Earlier this month, the California Senate approved AB 777, legislation that would exempt space companies from paying taxes on certain property related to spaceflight, including an “orbital space facility, space propulsion system, space vehicle, launch vehicle, satellite, or space station of any kind,” as well as components of such systems.
The bill is slightly different from what the California Assembly passed in January. The Senate version deleted a provision that extended the tax break to equipment that would be placed in those spaceflight systems, and also added a provision stating that an “inference shall not be drawn from this act” regarding whether such property qualifies as “business inventories” in the state tax code. Those amendments mean the bill is back in the Assembly to be passed again as amended.
One would normally think that a bill that provides a tax break to companies would be warmly received by the Wall Street Journal, but AB 777 is an exception. In an editorial published in Monday’s paper, the Journal criticized the bill; the company that reportedly instigated the bill, SpaceX; and its founder, Elon Musk. “Upon his request, Democrats who dominate the legislature are moving to exempt SpaceX and other space-travel companies from California’s personal property tax,” the editorial states. SpaceX could have sought an appeal of a property tax bill it received last year for engines it built, but instead “jumped the queue and petitioned the legislature for a tax reprieve.”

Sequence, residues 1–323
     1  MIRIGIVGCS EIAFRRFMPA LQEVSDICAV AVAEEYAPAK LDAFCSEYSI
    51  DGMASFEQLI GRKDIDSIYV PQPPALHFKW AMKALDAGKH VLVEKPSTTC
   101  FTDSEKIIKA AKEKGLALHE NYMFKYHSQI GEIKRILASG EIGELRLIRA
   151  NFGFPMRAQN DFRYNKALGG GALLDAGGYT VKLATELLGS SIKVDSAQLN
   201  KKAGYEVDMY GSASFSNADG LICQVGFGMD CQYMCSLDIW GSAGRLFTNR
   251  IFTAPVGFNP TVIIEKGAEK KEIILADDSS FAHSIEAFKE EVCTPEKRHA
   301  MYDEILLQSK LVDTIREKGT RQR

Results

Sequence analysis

The Journal’s argument is that the legislature is providing special treatment to SpaceX because of the wealth and influence of Musk. “The current legislation would specifically benefit SpaceX and a handful of smaller space firms like Aerojet Rocketdyne,” the editorial states. Of course, Aerojet Rocketdyne, with more than 5,000 employees prior to laying off about 250 earlier this year, still has more employees company-wide than SpaceX, which has close to 4,000 employees. In addition, companies like Boeing and Space Systems/Loral, who build satellites in the state, may also qualify for the tax break.
The editorial notes that other exceptions to state property taxes have been made, such as household furnishings and pets. “But, ahem, taxing a rocket and Fido aren’t equivalent,” it argues. “For one, it’s hard to put a price on a dog.” (Clip that editorial out and take it with you the next time you go to a pet store.) The Journal would rather see the state repeal the entire personal property tax rather than grant individual exceptions, something that the California Legislature seems unlikely to take up soon.
The lead sponsor of the bill, Assemblyman Al Muratsuchi (D-Torrance), hasn’t hid the fact that AB 777 will benefit SpaceX. “Private companies like Space X [sic] are building rocket ships and creating thousands of good paying manufacturing jobs right here in Southern California. We want these companies to invest and grow in our state,” he wrote in an op-ed published last week in his local newspaper, the Daily Breeze. “Passage of AB 777 will be one giant leap forward for this exciting new industry and for California.”